Habitat preservation and restoration is one of the top priorities at Kilchis Point. Invasive species such as Scotch Broom and Himalayan Blackberry are being eradicated and replaced with native plant species such as Twinberry, Salmonberry, and Cedar trees. Habitat restoration has begun with the donation of over 200 trees from the American Association of University Women. Volunteer work crews including adult and students performing community service have helped with the habitat restoration process.
An inventory of plant, animal and bird species is ongoing to help document and track ecosystem stability. To date, over 85 bird and animal species as well as over 140 plant species have been recorded.
The completion of a wetland delineation (2011) and cultural resource assessment (2010) has served as a starting point to begin the process of applying for permits through Tillamook County, City of Bay City and the Department of State Lands to begin installing permanent trails and bridges.
Projects in Progress
The Construction of a bus parking area has begun to allow for easy and safe access for visiting school groups. Beginning in November 2011, a paved trail similar to the one at the main trailhead, will be installed from the bus parking area. Interpretive signage tailored for children will also be installed in this area.
A second temporary trail leading east-west is being cut for future public access. In addition, work has begun to map and mark the locations of permanent bridges to jump wetland areas as well as possible permanent trail locations.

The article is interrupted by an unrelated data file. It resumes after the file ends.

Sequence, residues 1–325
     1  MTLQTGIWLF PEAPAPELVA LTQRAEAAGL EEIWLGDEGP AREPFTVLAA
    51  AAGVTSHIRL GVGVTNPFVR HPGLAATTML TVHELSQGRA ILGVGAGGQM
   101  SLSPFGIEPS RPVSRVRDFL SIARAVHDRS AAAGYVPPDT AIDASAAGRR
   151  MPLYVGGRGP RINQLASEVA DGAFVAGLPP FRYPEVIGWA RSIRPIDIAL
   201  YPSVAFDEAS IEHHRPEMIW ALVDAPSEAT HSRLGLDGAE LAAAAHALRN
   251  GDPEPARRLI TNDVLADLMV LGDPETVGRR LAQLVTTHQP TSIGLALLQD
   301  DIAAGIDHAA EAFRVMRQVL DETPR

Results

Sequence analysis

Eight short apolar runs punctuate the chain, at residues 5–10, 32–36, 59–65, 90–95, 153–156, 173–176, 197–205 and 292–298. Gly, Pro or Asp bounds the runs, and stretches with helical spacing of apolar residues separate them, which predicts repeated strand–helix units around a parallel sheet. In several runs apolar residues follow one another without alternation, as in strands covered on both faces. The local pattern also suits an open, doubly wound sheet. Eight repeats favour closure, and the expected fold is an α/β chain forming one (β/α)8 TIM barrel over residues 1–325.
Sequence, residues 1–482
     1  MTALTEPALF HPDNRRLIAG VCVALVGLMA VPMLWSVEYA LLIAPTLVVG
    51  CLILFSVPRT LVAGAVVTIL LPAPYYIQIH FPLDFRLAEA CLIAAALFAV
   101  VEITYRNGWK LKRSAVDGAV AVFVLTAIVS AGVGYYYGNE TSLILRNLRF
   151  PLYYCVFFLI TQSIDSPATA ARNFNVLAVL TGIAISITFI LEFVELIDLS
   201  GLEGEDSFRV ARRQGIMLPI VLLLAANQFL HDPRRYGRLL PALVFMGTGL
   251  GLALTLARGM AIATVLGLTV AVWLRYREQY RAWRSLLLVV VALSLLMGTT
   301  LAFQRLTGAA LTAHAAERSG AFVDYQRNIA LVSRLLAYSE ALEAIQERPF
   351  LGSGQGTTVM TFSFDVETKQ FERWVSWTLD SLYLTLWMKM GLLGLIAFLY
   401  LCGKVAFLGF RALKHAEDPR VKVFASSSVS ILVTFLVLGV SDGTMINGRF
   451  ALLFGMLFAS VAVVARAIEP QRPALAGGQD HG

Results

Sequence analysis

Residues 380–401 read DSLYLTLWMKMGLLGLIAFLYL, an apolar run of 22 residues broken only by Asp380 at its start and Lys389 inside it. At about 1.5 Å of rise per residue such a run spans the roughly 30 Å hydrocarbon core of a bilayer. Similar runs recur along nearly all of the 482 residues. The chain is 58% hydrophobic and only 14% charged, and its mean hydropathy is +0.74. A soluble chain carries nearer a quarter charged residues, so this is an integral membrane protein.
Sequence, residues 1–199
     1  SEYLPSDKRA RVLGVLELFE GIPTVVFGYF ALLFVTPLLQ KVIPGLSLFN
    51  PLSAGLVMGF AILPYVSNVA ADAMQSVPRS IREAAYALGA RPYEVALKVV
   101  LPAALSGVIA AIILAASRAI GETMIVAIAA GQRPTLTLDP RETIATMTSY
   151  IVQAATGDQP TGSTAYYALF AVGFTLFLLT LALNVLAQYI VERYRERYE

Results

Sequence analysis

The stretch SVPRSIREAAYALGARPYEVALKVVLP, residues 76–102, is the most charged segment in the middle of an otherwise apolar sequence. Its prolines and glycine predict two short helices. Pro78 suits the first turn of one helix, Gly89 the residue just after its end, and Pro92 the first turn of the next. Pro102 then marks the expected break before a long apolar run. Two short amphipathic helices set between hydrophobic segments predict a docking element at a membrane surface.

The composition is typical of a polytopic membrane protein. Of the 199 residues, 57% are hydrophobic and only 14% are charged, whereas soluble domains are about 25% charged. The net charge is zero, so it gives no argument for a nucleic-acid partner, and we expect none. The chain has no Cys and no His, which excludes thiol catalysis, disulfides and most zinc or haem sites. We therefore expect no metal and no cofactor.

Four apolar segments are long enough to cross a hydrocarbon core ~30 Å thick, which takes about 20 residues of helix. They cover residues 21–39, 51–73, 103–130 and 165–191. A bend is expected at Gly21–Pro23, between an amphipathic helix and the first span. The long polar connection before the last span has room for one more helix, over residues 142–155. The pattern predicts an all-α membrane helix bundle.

Interpretive signage for the permanent trails has already begun with over 20 signs completed.
The TCPM continues to evolve the Kilchis Point Education Program and welcome any school groups that want to learn about the area.
Future Plans for Kilchis Point
TCPM plans to have all three permanent trails installed by 2015. A bird watching station will be among the first structures built at Kilchis Point with a tentative completion date November 2012. It will be located on the southern end of the property where birds are most frequently spotted. TCPM would also like to construct interpretive buildings such as a Native American Longhouse and Pioneer Center. These structures will enhance visitor’s understanding of the area and provide space to exhibit artifacts associated with Kilchis Point’s history.
Ideas for a convening space and covered activity area for school groups are being considered. This would provide an ideal area for outdoor education classes and activities while providing shelter from the rain when the weather is not so favorable.
Granting Partners, Supporters, and Valued Volunteers include:
Sprit Mountain Community Fund
Ford Family Foundation
Oregon Cultural Trust
Oregon Community Foundation
City of Tillamook
Tillamook County Pioneer Association
North Coast Lawn
City of Bay City
Bay City Arts Center
Tillamook Estuary Partnership
American Association of University Women
Kilchis Point Activity Book
Especially made for kids, this great activity booklet will help you to explore Kilchis Point and discover for yourself what a special place Kilchis Point can be.
We've even included the answers! Have fun with this special activity book
all about exploring Kilchis Point!